Black Americans assess impacts of GOP’s nominating convention
By Derek Joy
The long wait is finally over.
After a tense period of anticipation wrought by the rather untimely visit of Tropical Storm/Hurricane Isaac, the Republican National Convention ended in Tampa and the Democratic National Convention has begun in Charlotte, North Carolina. Black Americans, by and large, have a greater interest in the Democratic Party. It has historically been that way since President Franklin D. Roosevelt was elected in 1932, when the Great Depression was crippling the American economy.
Never the less, contrary to the beliefs of some, people of color did pay attention to Republicans, who descended on Tampa with 50,000 delegates despite the disruptive and potentially destructive threats of Tropical Storm Isaac. And so, Republicans, as a matter of formality, officially named former Massachusetts Governor Mitt Romney its 2012 Presidential Nominee and Wisconsin Congressman Paul Ryan the Vice Presidential running mate.
“I watched it,” said the Rev. Dr. James D. Bush III, associate minister at Antioch Baptist Church of Brownsville. “From the standpoint of a convention, they pulled off a professional event, very nice as far as participants are concerned. “It was a typical convention. Speak well of themselves, their policies and speak badly of the other Party. They strategize real well to make the public like them and their platform. That’s what political strategists do. Democrats do the same thing.”
Bush, while noting the absence of several Republicans Governors, who stayed at home attending to emergencies created by Isaac, wouldn’t speculate on the impacts of those absences.
Curiously, the conspicuous absence of George W. Bush (Bush 41), the two-term Republican President who preceded President Barack Obama, created quite a stir on both sides of the political fence. Some Republicans, including Bush’s brother, former Florida Governor Jeb Bush, defended the absence as a matter of not wanting to be a distraction. The distraction that Bush would have created by his appearance at the Convention, as some speculated, would have forced Romney and Ryan to answer questions they preferred not to address.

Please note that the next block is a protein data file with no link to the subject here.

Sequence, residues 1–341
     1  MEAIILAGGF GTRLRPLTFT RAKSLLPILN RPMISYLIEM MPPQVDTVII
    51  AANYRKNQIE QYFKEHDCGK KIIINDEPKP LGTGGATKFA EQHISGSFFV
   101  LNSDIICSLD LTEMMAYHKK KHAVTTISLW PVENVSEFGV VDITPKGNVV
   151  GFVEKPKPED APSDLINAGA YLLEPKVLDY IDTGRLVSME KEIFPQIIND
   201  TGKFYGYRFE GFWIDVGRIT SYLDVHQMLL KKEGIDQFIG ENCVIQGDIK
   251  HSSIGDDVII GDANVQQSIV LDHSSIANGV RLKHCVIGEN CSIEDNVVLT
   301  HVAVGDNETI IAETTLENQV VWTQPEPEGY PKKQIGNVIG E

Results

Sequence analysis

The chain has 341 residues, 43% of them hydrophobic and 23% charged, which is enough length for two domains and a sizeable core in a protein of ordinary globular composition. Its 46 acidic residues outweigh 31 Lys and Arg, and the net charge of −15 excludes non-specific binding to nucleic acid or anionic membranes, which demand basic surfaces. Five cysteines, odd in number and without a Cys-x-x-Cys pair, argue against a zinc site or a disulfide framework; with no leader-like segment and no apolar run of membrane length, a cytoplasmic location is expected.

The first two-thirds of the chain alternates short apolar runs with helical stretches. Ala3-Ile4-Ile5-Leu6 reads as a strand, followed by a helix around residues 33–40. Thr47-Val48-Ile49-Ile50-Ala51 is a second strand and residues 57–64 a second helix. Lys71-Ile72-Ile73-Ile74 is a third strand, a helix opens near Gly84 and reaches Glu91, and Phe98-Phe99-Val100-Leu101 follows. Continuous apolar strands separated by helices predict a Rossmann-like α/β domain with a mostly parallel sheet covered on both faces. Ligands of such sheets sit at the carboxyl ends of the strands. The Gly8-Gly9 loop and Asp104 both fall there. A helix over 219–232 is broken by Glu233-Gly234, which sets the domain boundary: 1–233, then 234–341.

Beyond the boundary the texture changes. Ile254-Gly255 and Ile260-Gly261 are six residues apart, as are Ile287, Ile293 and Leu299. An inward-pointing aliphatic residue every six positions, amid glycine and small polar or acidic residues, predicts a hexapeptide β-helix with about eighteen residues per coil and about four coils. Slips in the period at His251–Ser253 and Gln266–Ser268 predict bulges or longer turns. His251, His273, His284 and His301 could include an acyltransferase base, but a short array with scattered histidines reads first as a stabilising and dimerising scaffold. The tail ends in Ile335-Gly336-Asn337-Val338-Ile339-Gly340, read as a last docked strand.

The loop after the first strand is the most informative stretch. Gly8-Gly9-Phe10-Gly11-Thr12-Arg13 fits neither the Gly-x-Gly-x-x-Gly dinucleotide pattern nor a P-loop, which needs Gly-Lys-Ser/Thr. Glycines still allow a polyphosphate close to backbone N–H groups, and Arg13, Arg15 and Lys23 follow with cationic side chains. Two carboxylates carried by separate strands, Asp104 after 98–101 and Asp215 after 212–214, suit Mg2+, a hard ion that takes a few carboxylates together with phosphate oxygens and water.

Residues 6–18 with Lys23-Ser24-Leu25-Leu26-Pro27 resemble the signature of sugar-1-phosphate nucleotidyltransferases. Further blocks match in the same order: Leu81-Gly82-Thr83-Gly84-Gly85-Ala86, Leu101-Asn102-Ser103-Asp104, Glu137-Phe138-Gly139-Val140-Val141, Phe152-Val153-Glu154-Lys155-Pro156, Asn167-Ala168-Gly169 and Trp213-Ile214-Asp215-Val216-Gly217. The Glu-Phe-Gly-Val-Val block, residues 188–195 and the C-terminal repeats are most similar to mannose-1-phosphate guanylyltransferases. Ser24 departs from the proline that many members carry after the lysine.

“They’re like Heckle and Jeckle,” said Charles Cutler, a long time community activist and Veterans advocate. “They’re doing the same thing the cartoon magpies did. Getting, over like fat rats. “They talking about tax cuts and creating 14-million jobs. The tax cuts are for the wealthy and the jobs are minimum wage, fast food jobs. They’re talking about cutting every-thing but their salaries and benefits.”
“How can Romney talk about creating jobs when he out-sourced jobs to foreign countries?” Cutler asked. Therein lies a small portion of a distraction that would have resulted by Bush’s presence. Other distractions would have put Romney in a position to explain how and why Bush exhausted the budget surplus Bill Clinton left when he exited The White House.
“The only thought I have about the Convention is that it gave Blacks a reason to vote,” said Rodney Harris, a candidate for the Miami Gardens City Council, who is locked in a run-off battle with former Miami Gardens Councilman Ulysses “Buck” Harvard.
“There should be no more ‘I don’t feel like it, ain’t got time to vote’. These people are trying to take us back to slavery, where the rich get richer and the poor get poorer,” Harris added.
Such thoughts merit attention as valid issues of concerns that Republicans, as well as Democrats, should address with the clarity of specifics. Both Parties must also address issues of importance to women in America. Republicans may believe that Ann Romney, among others, accomplished as much, and more, with their speeches. However, Maxine Austin, a healthcare professional and breast cancer survivor, offered a caution.
“They (Republicans) are so disorganized,” said Austin. “Their speeches had no substance. They put Romney’s wife on to try to impress women voters and show him as a family man. Michelle Obama will eat her up.
“I thought it would be better. And Governor Chris Christy did little more than promote himself. He used “I” and “Me” too much. He only said Romney at the end. And that was bad, selfish.” Another point of view that is very intriguing was offered by Linda Hill Mangaroo, a Miami native and long time Orange County resident.
“I did not watch the RNC at all,” said Hill Mangaroo. “I am going to vote for President Obama again. Trust me on this. Dr. Rice (Condoleeza) may have been a guest speaker. But she, like many other registered Republicans, is going to vote for President Obama.”